Finders Keepers is the best comedy of tragic idiots that the Coen brothers never had the chance to make. It’s certainly not the most important documentary of the year, and it might not end up being the best, but it’ll most likely be the most entertaining. Though even while it makes you laugh from the farcical nature of the situation, there’s a thoughtful social commentary that studies many harsh aspects of the human condition.
In a horrific plane crash that took his father’s life, John Wood’s leg was amputated, and in a very unorthodox request John asked to keep his limb to shred it to the bone and use it for a memorial for his father. John went through the long process of preserving it and keeping it safe in a grill only to lose that grill with the leg inside as he got behind storage locker payments where he kept both.
Amateur entrepreneur and all-round hustler Shannon Whisnant happened to purchase that storage locker and refused to give the leg back to John despite polite and reasonable requests. With all the attention, he sees it as an opportunity to make his millions using it as a tourist attraction and even invites John on the deal. When an agreement is not settled, it’s taken to be one of the most unique legal battles the courts have ever seen. Can one really buy someone else’s body parts?
Most everyone else in the documentary finds the situation bafflingly bizarre including John, and it’s hilarious, though interesting to see what the foot means to these various people. Any reaction you have is reflected in a ideally sourced clip from the media. If it weren’t for solid proof it happened, you’d think it was a perfectly scripted mockumentary. Much of the men’s conflict is shown on television, both in candid media appearances and on televised courtrooms. In the world of Finders Keepers – television caused, provoked and then solves their problems.
While John has his own human story, the source of the bizarre conflict is from Shannon’s lifetime ambition to be an everyday television personality, despite how absolutely unlikely it is. There’s a deep undercurrent of bittersweetness in how the dreams of fame and fortune can cloud someone and drive them to such madness, even though it’s so utterly far from their grasp. The genius of the film is that it studies Shannon eventually tasting it, and ironically through the film itself, and it rings painfully true in the absurdity of those ambitions that we can all admit to at some times.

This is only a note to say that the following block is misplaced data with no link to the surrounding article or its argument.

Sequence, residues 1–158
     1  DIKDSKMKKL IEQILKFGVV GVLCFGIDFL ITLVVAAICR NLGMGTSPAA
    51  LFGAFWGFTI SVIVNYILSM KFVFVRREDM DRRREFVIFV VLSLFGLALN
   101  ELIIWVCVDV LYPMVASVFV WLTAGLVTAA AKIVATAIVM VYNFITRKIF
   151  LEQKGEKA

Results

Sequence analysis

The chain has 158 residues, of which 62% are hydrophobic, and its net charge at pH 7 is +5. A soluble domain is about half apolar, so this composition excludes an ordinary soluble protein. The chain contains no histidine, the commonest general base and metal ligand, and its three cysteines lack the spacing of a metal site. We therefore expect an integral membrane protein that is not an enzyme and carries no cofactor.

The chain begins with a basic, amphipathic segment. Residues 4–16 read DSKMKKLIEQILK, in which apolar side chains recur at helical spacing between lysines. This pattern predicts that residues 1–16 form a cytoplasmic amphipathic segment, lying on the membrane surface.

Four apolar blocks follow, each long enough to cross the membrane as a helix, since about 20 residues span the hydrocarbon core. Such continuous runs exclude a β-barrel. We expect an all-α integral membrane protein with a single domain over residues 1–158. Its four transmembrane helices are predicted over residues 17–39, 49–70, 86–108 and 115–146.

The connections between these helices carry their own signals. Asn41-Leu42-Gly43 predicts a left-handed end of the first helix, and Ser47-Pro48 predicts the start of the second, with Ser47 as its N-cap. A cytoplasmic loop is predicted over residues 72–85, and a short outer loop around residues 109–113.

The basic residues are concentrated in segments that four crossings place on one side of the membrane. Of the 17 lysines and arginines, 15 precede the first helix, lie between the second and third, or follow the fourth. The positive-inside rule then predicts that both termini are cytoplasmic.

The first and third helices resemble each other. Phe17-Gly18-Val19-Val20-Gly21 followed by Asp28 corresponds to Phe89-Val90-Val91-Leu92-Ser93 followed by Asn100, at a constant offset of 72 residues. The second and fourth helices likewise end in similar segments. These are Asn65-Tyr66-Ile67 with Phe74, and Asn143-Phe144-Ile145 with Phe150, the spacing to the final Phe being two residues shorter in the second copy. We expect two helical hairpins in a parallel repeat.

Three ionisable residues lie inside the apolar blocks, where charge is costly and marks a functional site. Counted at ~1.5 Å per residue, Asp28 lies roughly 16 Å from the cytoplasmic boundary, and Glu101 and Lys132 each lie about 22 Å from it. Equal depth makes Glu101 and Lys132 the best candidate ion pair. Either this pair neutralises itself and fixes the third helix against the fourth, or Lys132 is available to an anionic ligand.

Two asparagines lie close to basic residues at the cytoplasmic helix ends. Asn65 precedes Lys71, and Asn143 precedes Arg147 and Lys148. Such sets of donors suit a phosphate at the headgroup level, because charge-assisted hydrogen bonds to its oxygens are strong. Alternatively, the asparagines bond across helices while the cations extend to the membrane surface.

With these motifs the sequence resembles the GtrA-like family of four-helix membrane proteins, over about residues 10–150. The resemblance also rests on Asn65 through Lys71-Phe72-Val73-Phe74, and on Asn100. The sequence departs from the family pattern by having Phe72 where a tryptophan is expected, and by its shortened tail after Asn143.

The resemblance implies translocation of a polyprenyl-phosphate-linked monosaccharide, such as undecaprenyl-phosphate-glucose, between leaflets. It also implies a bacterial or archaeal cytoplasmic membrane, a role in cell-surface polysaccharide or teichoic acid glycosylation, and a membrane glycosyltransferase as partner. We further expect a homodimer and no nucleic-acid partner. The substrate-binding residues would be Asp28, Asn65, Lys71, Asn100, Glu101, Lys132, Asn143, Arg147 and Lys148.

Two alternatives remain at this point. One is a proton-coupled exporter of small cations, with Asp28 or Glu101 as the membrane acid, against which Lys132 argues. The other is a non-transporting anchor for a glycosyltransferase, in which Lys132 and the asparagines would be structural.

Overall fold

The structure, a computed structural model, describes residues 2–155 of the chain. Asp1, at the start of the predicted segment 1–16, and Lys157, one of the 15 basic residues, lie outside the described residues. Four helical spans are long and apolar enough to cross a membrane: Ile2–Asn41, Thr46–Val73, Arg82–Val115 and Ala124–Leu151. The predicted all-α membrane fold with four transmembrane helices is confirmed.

The film certainly does paint Shannon as the bad guy but John is no saint. He’s a drug addict and throughout most of the film’s chronology of events, it’s pointed out that he’s high, something that tears his family apart. They’re both such efficiently funny characters in their outlandish statements that they don’t have to try, but they’re also deeply poignant in their human flaws. The direction from Clay Tweel and Bryan Carberry compliments both sides, balancing our sympathies.
However, the filmmakers don’t catch up to date with our subjects until about an hour into the film when the drama is seemingly resolved. Fortunately, it has more personal reconciliation to explore and that’s where the film finds its most compelling moments as the people we’ve been following find some hope beyond the foot. The Coens would not have offered such satisfying resolutions so it’s a treat to have this stranger than fiction story in this tightly constructed documentary form that breezes by with equal substance.
Also, yes to your morbid curiosity, you do see the elusive mangled foot. It’s gross.